GDPR Fines Just Got Real

Anyone under the impression that GDPR enforcement would be eased into the market got a huge wake-up call this week. A $230M sized wake-up call. British Airways was fined by the UK privacy watchdog the Information Commissioner’s Office (ICO) as punishment for the data breach that the company experienced last year. And GDPR played centre stage in the level of punishment.

In September 2018 British airways notified the ICO, as they are obliged to under GDPR, of a data breach that resulted in the theft of sensitive information, including credit card details, of approximately 500,000 individuals. The new powers granted to regulatory bodies such as the ICO by the introduction of GDPR were considered a possible game changer if they were enforced as per the letter of the law. The size of the fine and the accompanying comments by the ICO show that the regulators truly have a very big stick to use.

“People’s personal data is just that – personal. When an organization fails to protect it from loss, damage or theft it is more than an inconvenience. That’s why the law is clear – when you are entrusted with personal data you must look after it. Those that don’t will face scrutiny from my office to check they have taken appropriate steps to protect fundamental privacy rights,” said Information Commissioner Elizabeth Denham

GDPR Shows its Teeth

GDPR allows companies to be fined up to 4% of annual turnover for a serious breach of the regulations. Although large, the British Airways fine only represents 1.5% of their annual turnover for the period in question. Not surprisingly British Airways are feeling a little put out by the size of the fine and will likely appeal. The company complied with the GDPR notification requirements to the relevant national body, the ICO, and cooperated with the investigation process. Their statement implies that this should have meant a lesser penalty. However, it’s possible that they have received a lesser fine in the shape of only 1.5% of turnover compared to what could have been applied had they not been so forthcoming.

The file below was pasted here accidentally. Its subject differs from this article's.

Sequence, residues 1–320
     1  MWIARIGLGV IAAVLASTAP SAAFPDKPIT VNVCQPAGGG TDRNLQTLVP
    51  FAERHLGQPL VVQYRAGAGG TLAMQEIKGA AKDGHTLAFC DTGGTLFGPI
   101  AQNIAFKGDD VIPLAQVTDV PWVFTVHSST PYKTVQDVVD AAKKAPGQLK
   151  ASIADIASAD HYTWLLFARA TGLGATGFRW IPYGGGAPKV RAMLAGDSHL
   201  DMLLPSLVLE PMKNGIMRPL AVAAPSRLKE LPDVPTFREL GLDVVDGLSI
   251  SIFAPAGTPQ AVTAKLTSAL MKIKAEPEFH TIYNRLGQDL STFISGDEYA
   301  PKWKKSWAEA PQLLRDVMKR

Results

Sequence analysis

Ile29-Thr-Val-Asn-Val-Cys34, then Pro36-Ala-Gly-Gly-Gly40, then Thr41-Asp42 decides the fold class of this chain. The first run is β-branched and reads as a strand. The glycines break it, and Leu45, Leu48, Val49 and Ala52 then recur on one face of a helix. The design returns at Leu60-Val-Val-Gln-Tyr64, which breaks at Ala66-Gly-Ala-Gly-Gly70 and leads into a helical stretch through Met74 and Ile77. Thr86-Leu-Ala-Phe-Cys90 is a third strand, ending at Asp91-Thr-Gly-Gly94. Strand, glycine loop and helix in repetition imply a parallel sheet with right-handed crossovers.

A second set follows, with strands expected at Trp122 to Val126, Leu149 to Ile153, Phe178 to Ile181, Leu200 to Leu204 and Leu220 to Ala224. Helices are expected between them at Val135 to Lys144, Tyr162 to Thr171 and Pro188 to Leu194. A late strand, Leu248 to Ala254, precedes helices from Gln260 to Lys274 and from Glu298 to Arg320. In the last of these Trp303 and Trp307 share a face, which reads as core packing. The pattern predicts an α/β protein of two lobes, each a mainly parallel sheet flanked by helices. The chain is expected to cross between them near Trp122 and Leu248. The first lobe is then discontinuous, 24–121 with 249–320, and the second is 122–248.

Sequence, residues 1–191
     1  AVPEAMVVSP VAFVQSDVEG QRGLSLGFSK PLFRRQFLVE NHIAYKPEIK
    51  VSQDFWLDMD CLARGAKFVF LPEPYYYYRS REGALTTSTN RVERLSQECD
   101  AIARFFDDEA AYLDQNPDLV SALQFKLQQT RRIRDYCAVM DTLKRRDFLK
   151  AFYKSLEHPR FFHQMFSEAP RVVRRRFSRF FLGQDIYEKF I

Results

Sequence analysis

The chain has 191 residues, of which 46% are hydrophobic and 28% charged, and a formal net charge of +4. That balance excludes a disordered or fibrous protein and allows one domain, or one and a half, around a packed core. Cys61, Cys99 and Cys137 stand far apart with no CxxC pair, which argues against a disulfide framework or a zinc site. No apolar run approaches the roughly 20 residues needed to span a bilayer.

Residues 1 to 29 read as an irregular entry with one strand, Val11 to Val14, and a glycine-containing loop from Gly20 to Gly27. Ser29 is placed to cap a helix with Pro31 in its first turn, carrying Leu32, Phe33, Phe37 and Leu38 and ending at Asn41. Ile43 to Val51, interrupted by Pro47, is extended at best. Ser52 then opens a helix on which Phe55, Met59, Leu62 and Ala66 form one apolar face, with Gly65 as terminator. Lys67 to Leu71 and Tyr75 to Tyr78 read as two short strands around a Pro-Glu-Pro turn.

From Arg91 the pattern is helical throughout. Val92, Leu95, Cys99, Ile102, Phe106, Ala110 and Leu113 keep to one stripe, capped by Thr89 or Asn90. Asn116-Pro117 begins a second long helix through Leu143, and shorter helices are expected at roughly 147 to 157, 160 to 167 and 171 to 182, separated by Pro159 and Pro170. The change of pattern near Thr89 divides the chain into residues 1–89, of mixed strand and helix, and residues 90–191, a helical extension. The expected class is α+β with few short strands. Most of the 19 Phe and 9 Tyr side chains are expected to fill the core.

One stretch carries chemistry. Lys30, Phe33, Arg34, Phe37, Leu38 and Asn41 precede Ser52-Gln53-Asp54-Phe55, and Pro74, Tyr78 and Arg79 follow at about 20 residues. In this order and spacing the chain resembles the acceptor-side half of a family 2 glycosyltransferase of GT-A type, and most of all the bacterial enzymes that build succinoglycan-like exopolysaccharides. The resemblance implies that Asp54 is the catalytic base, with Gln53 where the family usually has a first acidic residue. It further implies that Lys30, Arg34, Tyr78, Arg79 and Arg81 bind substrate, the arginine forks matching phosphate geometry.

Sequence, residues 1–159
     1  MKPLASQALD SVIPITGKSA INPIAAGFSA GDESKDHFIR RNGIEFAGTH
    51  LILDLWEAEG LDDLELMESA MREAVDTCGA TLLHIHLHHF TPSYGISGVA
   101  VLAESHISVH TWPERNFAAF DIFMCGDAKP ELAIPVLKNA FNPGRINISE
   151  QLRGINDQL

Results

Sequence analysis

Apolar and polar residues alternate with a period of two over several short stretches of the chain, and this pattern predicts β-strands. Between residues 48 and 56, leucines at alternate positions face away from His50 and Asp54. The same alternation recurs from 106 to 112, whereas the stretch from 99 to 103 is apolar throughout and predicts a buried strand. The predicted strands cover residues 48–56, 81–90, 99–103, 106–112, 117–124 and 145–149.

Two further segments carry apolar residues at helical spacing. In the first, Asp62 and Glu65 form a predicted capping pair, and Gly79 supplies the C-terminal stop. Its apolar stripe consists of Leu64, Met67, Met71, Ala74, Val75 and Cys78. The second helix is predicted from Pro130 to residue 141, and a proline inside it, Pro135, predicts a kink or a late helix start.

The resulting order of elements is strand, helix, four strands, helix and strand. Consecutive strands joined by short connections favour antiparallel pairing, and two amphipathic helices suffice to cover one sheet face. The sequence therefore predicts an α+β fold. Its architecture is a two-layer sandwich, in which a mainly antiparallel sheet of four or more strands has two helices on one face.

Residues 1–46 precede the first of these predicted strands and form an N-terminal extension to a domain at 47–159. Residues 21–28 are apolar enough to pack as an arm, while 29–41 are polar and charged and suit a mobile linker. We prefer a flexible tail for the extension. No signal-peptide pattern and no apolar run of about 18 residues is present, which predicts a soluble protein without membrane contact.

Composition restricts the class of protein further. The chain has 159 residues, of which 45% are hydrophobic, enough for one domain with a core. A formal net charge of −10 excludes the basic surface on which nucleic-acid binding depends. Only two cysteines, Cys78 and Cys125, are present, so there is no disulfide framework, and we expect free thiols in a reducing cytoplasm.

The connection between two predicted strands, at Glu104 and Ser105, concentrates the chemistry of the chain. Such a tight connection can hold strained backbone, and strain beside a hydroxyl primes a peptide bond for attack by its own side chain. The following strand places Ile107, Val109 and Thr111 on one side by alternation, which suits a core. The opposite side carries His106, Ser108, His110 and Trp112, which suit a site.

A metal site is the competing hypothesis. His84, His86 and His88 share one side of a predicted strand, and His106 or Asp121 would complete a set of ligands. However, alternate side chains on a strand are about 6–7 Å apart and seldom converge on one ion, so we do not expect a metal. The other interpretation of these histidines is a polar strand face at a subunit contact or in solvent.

The action taken by the ICO appears to be a watershed moment that everyone should take note of. There have been other fines levied by the ICO, including a fine on Facebook for the Cambridge Analytica scandal in the amount of about $640M for the mishandling of millions of users personal data. In the ruling the ICO noted that the size of that fine was the maximum that could be handed out under the regulations that were in place at the time of the incident. Had it occurred within the GDPR timeline the fine could have been in excess of $1.5B.

GDPR Lessons Learned from the BA Breach

There are a few takeaways that every organization should note from the events of this week:

  1. If you only paid lip service to GDPR preparation, then think again. If the UK is setting the benchmark for the fines, then the days of token gesture fines or a “slap on the wrist” are long gone. Google and Facebook should take note as both are currently under investigation by EU authorities.
  2. British Airways is an EU based company but GDPR has a global reach. The BA fine was not the only one handed out by the ICO for a GDPR violation. Marriott were also slapped with a $123M fine for their data breach last year.
  3. Third, and most importantly, ALL companies need to ensure that all their sensitive information is appropriately protected in the digital age. And not just data that is covered by GDPR or similar privacy regulations. Customer data, financial data, employee data, intellectual property, even something as simple as an upcoming press release can seriously negatively impact the reputation and bottom line of an organization if it is leaked.

Read our 5 Tips for Balancing Security and Collaboration Needs to ensure you stay out of the GDPR cross hairs by keeping your sensitive information secure.